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L.A. could replace traditional power plants with home solar, experts say

Los Angeles could produce the nation's largest "virtual power plant" by linking homes equipped with solar panels and batteries, solar industry says.
Image: Vivint Solar technician Aguilar installs solar panels on the roof of a house in Mission Viejo
Vivint Solar technician Eduardo Aguilar installs solar panels on the roof of a house in Mission Viejo, California, in 2013.Mario Anzuoni / Reuters file

Renewable energy experts and a new report from the solar industry say Los Angeles could generate a larger portion of its electricity with wider use of residential solar panels backed up by battery storage.

The concept of a "virtual power plant" that could replace one of three natural gas plants being phased out by the city has already been deployed successfully in Orange County and Waltham, Vermont. But Los Angeles, where officials want to rely entirely on renewable energy by 2050, would be the largest U.S. city to go virtual.

The report from San Francisco-based residential solar company Sunrun amounts to a sales pitch to the city to expand the number of solar residences to at least 75,000, which would be enough to collectively replace the power production of one gas-powered plant and save $60 million.

Image: Workers install solar panels on a roof
Luminalt solar installers Pam Quan and Walter Morales install solar panels on the roof of a home in San Francisco on May 9, 2018.Justin Sullivan / Getty Images file

"What we can do is if we can put a battery with each one of those solar systems, we can link them with software and when the utility needs that power, it can be dispatched from 75,000 homes," said Sunrun CEO Lynn Jurich. "They can replace the energy of one of those gas-power plants and be more cost effective."

Los Angeles Mayor Eric Garcetti announced in February that three of the city's gas-powered generating stations would be phased out by 2029. "This is the beginning of the end of natural gas in Los Angeles," he said at the time.

Asked if the city was open to the kind of virtual power proposed in Sunrun's report, Garcetti said in a statement, "We have an obligation to end dependence on fossil fuels, embrace the technologies of tomorrow, and prioritize renewable energy."

Experts say the virtual power plant is a feasible solution for Los Angeles, especially with the cost and capacity of batteries. Infrastructure, including two-way power lines, is already there.

As utilities like San Diego Gas & Electric employ "time of use" rates that charge more for prime-time juice, solar panels paired with battery storage could be more attractive for ratepayers, said solar expert Bill Powers of Powers Engineering in San Diego.

"Utilities have shifted to that peak, high-dollar window, from 4 p.m. to 9 p.m., which is being done to make solar less economically attractive to people," he said. "Solar is not putting out a lot of power at that time."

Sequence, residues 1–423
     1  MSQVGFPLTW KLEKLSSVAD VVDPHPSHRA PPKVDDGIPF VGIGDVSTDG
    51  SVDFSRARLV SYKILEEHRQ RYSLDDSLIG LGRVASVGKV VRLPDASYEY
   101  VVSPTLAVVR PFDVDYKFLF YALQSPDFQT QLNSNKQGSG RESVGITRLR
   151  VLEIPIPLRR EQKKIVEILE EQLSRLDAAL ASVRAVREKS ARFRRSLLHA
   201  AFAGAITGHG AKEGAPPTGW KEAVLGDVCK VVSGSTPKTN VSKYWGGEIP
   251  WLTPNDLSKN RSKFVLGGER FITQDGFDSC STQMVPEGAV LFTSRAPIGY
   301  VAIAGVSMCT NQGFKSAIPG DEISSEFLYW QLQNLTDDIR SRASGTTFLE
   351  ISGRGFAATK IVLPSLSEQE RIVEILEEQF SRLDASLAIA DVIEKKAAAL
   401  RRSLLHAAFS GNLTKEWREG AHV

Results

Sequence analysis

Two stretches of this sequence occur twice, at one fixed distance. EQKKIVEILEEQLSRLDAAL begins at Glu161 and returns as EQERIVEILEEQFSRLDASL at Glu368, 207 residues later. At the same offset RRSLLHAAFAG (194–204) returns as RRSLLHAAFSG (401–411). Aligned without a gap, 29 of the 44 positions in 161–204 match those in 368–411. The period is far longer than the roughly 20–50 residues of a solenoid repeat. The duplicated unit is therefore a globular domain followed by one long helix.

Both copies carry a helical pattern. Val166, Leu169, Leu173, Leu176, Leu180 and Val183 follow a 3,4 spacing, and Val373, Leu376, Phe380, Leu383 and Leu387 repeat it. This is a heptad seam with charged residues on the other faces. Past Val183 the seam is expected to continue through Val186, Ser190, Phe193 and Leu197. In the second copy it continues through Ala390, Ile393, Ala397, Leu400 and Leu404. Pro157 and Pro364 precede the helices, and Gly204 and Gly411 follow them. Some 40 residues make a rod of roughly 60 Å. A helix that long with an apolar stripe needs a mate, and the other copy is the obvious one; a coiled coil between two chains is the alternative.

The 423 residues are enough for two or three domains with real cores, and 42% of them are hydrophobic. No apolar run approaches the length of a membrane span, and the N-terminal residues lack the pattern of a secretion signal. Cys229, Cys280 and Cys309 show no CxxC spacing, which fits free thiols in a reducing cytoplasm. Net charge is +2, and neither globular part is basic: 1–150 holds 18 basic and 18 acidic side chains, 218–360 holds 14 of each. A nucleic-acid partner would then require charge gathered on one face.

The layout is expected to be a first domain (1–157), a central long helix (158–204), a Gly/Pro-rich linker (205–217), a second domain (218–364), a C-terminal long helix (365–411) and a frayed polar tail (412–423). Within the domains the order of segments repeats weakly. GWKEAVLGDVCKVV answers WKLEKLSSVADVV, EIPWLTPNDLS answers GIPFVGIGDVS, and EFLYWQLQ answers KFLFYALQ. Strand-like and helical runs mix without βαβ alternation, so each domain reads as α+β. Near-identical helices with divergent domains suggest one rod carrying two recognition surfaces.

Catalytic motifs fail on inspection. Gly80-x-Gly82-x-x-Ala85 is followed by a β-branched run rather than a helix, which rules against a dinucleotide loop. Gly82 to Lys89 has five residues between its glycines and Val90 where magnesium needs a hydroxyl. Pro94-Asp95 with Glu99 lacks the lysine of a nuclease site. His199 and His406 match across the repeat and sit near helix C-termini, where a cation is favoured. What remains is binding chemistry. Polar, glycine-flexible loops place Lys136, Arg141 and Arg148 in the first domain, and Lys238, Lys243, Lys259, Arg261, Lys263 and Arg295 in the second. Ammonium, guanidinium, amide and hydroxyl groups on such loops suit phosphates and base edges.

"But they did that as batteries were becoming cost effective," Powers said. "What they did to stymie solar became a driver for people to get batteries."

Beth Ferguson, director of Sol Design Lab at the University of California, Davis, and adviser to a startup that plans to use recycled vehicle batteries in homes, says the increasing accessibility of battery storage means "you can reap the benefits from solar at night."

Investor-owned SDG&E, which serves California's second-largest city and has 1.25 million residential customers compared to L.A.'s 1.34 million, said that renewable energy is "intermittent" because of weather conditions.

Yet nearly 45 percent of SDG&E's energy comes from renewable sources, said spokeswoman Helen Gao in an email. The Sunrun report credited San Diego with beating Los Angeles when it comes to residential solar, with more than 1 in 10 homes equipped to tap the sun compared to less than 3 in 100.

To create one virtual power plant in Los Angeles would be to "reach the same level of solar penetration San Diego already has," said Sunrun's Jurich.

Investor-owned utility Southern California Edison claims to have launched the first such system in the nation last year. In March, the virtual power plant's operator, AMS, announced it had delivered a record 2 gigawatt hours of energy.

The system feeds off solar and storage based at 21 office buildings owned by the Irvine Company, a major Southern California landlord and developer.

Despite that success, Powers says publicly owned utilities like L.A.'s Department of Water and Power might be more amenable to virtual power plants because there are no shareholders demanding ever-increasing profits.

Sunrun recently announced it will deliver home solar and batteries to ISO New England, the nonprofit that manages power flow for Connecticut, Rhode Island, Massachusetts, Vermont, New Hampshire and most of Maine. The deal would power about 5,000 homes.

In Vermont, Green Mountain Power has offered Tesla's Powerwall home batteries to as many as 2,000 customers for $15 a month. It allows them to store solar power or sell it back to the shareholder-owned utility to create a virtual power plant.

In December, the utility announced that 90 percent of its energy supply is now "carbon free."

Of course, Los Angeles would be a grand prize for those wishing to ween the nation off fossil fuel electricity.

"This opportunity in L.A. would be the biggest virtual power plant that we know of," Jurich said.